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This Week in Nature: Feb 4, 2010

In this week's issue of Nature, a UK research team reports that they have identified large, rare chromosomal copy number changes linked to early obesity. In a group of 300 Caucasian individuals with early onset obesity, including 143 with developmental delays, the researchers found recurrent, rare deletions of various sizes affecting a chromosome 16 region called 16p11.2 — previously tied to conditions such as autism and mental retardation. The deletions all appear to affect a leptin- and insulin- signaling gene called SH2B1.

University of Salento researcher Maria Bozzetti and company explore how the Hsp90 chaperone protein helps prevent transposon-induced mutations in the Drosophila genome — and the how this protection relates to phenotypic variation in the fruit fly. Their results suggest Hsp90 interactions with a group of germline small RNAs called Piwi-interacting RNAs protect the genome from transposon mutagenic activity, while alterations in the gene coding for Hsp90 can lead to mutation and variation. "This indicates that Hsp90 mutations can generate new variation by transposon-mediated 'canonical' mutagenesis," they write.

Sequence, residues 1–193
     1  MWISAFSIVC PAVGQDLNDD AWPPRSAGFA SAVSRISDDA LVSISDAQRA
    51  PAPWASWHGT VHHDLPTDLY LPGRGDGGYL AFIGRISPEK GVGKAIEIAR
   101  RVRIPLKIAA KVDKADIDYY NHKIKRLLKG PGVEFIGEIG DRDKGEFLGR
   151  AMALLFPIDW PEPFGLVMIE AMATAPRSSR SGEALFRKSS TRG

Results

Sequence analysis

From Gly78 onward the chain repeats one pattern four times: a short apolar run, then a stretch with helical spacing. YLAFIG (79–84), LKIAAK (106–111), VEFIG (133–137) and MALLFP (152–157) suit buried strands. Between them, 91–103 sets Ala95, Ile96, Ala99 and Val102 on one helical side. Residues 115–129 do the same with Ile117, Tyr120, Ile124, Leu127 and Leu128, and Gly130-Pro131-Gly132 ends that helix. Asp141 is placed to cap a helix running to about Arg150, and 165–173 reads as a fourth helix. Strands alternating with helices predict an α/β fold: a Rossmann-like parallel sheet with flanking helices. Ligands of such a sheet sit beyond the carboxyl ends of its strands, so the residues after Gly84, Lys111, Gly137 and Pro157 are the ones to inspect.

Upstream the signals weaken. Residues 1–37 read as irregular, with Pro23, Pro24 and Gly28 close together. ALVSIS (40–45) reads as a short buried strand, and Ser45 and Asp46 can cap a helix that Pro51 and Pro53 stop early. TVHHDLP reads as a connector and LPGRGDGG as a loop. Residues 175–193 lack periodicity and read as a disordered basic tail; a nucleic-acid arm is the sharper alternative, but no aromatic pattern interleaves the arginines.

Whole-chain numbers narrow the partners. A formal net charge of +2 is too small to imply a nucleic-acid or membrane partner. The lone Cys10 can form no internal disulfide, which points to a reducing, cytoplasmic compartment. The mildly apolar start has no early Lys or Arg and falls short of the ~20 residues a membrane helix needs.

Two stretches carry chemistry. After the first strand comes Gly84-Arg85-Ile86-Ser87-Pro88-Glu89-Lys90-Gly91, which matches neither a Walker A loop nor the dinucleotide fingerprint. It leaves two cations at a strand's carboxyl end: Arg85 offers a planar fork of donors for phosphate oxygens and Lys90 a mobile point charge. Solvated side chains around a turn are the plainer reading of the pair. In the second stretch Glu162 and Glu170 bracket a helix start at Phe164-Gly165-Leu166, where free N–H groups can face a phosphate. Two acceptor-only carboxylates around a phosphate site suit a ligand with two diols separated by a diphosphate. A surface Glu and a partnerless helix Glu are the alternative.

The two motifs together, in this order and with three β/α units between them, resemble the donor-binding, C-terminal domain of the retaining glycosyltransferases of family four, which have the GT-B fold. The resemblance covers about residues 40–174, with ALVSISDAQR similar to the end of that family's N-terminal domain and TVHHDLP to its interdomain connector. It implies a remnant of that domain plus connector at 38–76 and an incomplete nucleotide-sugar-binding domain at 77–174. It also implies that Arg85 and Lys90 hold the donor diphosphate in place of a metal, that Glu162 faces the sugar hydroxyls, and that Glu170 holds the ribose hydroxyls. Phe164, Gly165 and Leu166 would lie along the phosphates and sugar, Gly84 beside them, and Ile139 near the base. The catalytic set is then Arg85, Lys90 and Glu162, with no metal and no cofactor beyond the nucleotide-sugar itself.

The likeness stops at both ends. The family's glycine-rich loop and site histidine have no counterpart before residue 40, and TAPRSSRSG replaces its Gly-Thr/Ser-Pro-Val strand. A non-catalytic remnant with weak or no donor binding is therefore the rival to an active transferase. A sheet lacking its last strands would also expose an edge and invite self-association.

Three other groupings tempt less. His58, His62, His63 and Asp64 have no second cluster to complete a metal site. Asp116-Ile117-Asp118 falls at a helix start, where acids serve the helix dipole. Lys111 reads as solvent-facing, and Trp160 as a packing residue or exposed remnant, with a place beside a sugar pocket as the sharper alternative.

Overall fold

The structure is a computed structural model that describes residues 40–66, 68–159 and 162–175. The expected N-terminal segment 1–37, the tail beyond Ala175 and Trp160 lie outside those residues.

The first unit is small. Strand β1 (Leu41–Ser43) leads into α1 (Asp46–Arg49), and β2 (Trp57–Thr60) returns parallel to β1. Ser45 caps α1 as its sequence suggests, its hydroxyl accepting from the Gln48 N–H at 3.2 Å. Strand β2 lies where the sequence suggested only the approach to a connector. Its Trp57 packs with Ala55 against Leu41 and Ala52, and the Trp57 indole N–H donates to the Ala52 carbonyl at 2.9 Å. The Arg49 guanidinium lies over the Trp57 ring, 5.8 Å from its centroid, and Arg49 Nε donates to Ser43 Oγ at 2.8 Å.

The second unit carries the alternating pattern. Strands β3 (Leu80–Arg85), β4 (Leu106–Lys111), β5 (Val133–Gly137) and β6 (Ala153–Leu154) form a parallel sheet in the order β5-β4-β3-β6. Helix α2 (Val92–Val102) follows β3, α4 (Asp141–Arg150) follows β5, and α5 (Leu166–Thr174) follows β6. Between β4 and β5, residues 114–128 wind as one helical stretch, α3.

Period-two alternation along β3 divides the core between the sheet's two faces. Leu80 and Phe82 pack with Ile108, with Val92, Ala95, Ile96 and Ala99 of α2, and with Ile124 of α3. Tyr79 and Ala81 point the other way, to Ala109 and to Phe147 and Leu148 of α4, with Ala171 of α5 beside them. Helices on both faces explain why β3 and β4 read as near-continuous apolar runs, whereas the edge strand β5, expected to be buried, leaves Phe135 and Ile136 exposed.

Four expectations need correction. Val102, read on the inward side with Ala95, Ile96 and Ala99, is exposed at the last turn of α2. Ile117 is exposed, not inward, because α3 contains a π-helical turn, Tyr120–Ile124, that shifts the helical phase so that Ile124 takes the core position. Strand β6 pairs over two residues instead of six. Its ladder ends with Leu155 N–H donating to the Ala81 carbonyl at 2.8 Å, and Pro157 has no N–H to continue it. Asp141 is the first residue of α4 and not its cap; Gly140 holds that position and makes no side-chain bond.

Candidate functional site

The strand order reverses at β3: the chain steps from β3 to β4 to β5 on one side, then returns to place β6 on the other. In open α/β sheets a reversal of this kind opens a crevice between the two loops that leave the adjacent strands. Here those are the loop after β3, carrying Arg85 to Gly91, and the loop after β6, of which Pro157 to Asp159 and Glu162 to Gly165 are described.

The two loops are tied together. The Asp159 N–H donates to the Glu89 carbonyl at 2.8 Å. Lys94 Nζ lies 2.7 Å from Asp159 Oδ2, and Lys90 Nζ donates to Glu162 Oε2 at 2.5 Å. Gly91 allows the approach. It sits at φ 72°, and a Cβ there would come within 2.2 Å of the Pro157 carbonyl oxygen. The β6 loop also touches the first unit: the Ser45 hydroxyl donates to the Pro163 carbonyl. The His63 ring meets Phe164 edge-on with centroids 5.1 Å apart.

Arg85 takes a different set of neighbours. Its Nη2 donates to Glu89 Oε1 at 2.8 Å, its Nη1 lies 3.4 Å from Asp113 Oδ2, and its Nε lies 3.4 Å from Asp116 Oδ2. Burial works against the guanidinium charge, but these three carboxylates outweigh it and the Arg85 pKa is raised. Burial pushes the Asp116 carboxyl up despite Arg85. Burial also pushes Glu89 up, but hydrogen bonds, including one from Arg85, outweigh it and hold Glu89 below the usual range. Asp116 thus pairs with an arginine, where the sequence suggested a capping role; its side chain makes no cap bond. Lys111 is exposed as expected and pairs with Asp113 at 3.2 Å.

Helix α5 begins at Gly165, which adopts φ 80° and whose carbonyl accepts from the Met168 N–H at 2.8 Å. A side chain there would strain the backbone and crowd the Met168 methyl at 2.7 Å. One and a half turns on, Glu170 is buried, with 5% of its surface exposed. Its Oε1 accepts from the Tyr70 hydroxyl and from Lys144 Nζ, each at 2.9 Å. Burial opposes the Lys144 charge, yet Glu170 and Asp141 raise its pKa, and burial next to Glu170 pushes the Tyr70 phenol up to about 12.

In an early, online paper in Nature Genetics, a Swedish, Finnish, and American research team describe their use of genome-wide mapping to find systemic lupus erythematosus-related genes in dogs. By doing a GWAS involving 81 Nova Scotia duck tolling retrievers with SLE and 57 unaffected dogs genotyped at roughly 15,000 SNPs, the researchers identified five SLE-associated loci, which they subsequently validated by fine mapping in a larger group of dogs.

Meanwhile, an international team describes the first genome-wide association study of the malaria parasite Plasmodium falciparum. They used a custom microarray to interrogate nearly 3,500 SNPs in 189 culture-adapted P. falciparum strains developed from isolates collected in Asia, Africa, America, and Papua New Guinea. Their findings provide information on everything from parasite population structure to recombination hot- and cold-spots and drug resistance related genes in the P. falciparum genome. For more information, check out a related news story in our sister publication GenomeWeb Daily News.

The Scan

Mosquitos Genetically Modified to Prevent Malaria Spread

A gene drive approach could be used to render mosquitos unable to spread malaria, researchers report in Science Advances.

Gut Microbiomes Allow Bears to Grow to Similar Sizes Despite Differing Diets

Researchers in Scientific Reports find that the makeup of brown bears' gut microbiomes allows them to reach similar sizes even when feasting on different foods.

Finding Safe Harbor in the Human Genome

In Genome Biology, researchers present a new approach to identify genomic safe harbors where transgenes can be expressed without affecting host cell function.

New Data Point to Nuanced Relationship Between Major Depression, Bipolar Disorder

Lund University researchers in JAMA Psychiatry uncover overlapping genetic liabilities for major depression and bipolar disorder.